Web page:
Claes Oldenburg is a Swedish American sculptor, best known for his public art installations typically featuring very large replicas of everyday objects. Another theme in his work is soft sculpture versions of everyday objects.
Many of Oldenburg's large-scale sculptures of mundane objects elicited public ridicule before being embraced as whimsical, insightful, and fun additions to public outdoor art. In the 1960's he became associated with the Pop Art movement
This brash, often humorous, approach to art was at great odds with the prevailing sensibility that, by its nature, art dealt with "profound" expressions or ideas. But Oldenburg's spirited art found first a niche then a great popularity that endures to this day.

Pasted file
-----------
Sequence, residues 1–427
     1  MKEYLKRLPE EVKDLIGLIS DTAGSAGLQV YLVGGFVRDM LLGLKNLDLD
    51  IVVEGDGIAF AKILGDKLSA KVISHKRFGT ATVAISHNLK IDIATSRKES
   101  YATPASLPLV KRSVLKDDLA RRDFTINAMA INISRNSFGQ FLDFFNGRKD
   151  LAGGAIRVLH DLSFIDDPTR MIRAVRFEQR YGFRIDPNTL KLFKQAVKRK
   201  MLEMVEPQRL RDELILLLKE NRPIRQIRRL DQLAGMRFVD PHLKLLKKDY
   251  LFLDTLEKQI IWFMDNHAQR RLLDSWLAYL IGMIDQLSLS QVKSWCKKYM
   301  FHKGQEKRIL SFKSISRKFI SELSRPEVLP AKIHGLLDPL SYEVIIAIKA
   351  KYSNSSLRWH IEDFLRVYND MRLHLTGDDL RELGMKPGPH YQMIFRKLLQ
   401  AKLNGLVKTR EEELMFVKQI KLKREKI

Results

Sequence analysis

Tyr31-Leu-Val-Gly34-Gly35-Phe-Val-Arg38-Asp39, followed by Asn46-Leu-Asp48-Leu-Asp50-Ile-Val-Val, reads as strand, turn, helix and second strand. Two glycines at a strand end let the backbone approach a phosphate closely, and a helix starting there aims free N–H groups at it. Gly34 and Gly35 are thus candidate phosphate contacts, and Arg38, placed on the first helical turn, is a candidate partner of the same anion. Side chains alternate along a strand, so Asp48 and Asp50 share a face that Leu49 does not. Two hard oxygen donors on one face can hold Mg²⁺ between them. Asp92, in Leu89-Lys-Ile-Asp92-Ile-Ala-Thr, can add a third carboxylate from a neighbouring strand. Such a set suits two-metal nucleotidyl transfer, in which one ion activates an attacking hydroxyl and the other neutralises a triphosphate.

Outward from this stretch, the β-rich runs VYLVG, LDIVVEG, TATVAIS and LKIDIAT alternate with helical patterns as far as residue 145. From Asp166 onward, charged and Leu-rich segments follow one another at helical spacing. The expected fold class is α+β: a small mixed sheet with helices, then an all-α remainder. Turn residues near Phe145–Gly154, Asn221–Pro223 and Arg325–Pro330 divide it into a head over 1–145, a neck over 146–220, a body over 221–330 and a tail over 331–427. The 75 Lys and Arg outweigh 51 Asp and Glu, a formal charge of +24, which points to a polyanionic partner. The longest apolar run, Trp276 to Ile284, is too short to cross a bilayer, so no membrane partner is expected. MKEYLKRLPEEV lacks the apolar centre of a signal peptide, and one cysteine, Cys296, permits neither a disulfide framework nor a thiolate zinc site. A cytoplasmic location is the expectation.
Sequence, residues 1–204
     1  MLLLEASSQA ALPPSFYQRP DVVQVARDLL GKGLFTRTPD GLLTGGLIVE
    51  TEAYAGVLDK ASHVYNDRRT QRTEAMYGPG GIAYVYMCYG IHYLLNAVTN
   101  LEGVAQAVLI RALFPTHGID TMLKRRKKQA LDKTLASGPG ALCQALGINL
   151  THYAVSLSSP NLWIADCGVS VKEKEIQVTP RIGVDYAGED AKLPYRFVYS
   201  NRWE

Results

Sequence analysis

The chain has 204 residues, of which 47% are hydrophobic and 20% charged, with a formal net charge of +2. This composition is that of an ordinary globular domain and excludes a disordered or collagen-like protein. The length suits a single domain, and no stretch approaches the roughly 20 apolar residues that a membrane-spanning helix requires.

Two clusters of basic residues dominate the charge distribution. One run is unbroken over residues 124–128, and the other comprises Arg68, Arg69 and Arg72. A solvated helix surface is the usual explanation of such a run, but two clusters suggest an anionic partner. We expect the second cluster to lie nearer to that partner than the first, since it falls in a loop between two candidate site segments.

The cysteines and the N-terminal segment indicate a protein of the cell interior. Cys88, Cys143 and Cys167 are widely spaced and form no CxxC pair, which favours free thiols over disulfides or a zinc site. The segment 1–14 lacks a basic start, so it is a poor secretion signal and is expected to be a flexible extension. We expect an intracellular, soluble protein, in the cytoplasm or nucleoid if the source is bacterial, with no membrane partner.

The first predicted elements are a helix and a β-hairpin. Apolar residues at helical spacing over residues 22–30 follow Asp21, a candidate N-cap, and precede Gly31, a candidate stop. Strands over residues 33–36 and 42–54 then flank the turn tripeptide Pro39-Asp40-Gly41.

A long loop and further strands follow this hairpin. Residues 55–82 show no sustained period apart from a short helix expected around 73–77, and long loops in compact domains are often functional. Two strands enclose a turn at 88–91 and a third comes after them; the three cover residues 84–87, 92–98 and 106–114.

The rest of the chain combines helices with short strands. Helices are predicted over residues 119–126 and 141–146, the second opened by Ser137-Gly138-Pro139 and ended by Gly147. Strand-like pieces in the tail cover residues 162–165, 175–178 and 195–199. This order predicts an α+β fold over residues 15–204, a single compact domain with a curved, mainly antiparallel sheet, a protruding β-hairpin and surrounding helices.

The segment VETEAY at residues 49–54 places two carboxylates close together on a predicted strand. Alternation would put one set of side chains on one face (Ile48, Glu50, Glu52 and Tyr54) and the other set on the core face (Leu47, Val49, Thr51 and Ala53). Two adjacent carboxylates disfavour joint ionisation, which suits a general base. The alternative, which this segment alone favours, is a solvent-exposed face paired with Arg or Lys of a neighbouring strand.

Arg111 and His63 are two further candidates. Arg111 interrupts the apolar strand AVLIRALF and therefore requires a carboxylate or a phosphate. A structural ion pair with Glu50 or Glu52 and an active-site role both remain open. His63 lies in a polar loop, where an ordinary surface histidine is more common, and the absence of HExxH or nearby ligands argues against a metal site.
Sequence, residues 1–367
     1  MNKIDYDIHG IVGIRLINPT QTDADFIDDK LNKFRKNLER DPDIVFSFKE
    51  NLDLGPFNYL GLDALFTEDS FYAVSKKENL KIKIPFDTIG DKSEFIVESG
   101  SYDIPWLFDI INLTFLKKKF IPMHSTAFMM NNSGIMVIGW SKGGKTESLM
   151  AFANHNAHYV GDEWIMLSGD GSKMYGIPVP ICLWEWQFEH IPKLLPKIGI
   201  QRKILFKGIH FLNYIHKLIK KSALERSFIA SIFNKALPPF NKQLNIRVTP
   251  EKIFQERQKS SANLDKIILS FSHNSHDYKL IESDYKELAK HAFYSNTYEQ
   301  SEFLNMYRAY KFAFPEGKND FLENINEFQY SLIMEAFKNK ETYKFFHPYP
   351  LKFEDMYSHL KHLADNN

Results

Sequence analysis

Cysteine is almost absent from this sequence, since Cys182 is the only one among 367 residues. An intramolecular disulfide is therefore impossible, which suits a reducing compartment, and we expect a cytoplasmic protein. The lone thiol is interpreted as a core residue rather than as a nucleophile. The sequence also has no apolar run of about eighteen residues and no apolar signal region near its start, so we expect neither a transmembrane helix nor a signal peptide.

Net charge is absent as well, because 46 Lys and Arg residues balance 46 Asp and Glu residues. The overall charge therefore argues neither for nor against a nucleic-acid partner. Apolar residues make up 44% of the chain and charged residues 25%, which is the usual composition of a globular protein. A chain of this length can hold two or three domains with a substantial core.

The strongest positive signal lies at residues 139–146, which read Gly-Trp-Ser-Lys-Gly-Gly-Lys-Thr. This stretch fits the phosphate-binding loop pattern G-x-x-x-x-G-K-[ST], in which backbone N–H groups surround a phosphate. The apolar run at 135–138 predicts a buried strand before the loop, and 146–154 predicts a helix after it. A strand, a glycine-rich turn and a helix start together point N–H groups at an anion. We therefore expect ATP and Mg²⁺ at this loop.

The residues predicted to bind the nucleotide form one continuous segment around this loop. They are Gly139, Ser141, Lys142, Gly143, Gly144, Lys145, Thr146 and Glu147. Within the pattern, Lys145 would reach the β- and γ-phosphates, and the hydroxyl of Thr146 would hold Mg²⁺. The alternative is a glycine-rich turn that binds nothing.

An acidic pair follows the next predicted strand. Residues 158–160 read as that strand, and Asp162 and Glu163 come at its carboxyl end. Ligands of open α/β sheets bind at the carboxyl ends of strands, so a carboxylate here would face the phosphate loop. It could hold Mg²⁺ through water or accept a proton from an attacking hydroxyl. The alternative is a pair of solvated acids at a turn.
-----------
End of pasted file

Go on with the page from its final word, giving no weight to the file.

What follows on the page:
Oldenburg was honored with a solo exhibition of his work at the Museum of Modern Art, New York, in 1969, and with a retrospective organized by the National Gallery of Art, Washington, D.C., and the Solomon R. Guggenheim Museum, New York, in 1995. In 2002 the Whitney Museum of American Art in New York held a retrospective of the drawings of Oldenburg and Van Bruggen; the same year, the Metropolitan Museum of Art in New York exhibited a selection of their sculptures on the roof of the museum.